OFFICIAL ACT by Elected Officials

The United States Supreme Court in McDONNELL v. UNITED STATES held that an “official act” is a decision or action on a “question, matter, cause, suit, proceeding or controversy.” That question or matter must involve a formal exercise of governmental power, and must also be something specific and focused that is “pending” or “may by law be brought” before a public official. To qualify as an “official act,” the public official must make a decision or take an action on that question or matter, or agree to do so. Setting up a meeting, talking to another official, or organizing an event—without more—does not fit that definition of “official act.”

The federal bribery statute, 18 U.S.C. § 201, makes it a crime for a public official to “receive or accept anything of value” in exchange for being “influenced in the performance of any official act.” An “official act” is a decision or action on a “question, matter, cause, suit, proceeding or controversy”; that question or matter must involve a formal exercise of governmental power, and must also be something specific and focused that is “pending” or “may by law be brought” before a public official. To qualify as an “official act,” the public official must make a decision to take an action on that question or matter, or agree to do so. Setting up a meeting, talking to another official, or organizing an event — without more — does not fit that definition of “official act.”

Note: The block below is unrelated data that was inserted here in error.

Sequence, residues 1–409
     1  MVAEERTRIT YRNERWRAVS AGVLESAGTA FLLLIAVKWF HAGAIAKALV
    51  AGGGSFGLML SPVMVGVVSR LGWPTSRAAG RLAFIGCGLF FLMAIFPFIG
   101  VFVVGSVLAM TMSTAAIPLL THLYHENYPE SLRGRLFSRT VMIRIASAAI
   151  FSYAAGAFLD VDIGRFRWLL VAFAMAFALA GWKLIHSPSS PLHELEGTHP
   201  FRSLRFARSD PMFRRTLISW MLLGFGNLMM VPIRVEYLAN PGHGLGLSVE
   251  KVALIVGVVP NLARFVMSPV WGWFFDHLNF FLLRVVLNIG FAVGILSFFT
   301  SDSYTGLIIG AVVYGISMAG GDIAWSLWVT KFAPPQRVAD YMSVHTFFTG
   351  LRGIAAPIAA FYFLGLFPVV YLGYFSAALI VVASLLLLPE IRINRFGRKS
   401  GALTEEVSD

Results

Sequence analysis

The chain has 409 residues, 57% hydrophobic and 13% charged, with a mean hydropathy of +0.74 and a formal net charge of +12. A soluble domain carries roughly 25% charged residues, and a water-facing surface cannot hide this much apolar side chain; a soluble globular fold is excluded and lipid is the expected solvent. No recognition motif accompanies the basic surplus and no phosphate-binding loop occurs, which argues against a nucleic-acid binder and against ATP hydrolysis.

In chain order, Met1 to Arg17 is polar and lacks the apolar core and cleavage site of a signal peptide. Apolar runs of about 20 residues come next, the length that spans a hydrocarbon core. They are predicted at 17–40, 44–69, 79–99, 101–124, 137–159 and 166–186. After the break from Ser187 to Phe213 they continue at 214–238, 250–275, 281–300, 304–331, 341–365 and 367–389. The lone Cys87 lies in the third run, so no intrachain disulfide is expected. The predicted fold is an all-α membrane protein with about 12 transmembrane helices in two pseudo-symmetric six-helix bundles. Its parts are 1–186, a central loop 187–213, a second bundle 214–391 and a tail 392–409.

2016-09-02T22:15:26+00:00 June 27th, 2016|Legal News|